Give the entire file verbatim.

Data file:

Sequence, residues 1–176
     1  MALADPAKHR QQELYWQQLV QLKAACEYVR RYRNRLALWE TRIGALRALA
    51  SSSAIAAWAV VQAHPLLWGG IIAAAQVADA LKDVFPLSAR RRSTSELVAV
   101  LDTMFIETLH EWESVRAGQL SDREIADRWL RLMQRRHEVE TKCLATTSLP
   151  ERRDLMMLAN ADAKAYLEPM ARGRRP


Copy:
Sequence, residues 1–176
     1  MALADPAKHR QQELYWQQLV QLKAACEYVR RYRNRLALWE TRIGALRALA
    51  SSSAIAAWAV VQAHPLLWGG IIAAAQVADA LKDVFPLSAR RRSTSELVAV
   101  LDTMFIETLH EWESVRAGQL SDREIADRWL RLMQRRHEVE TKCLATTSLP
   151  ERRDLMMLAN ADAKAYLEPM ARGRRP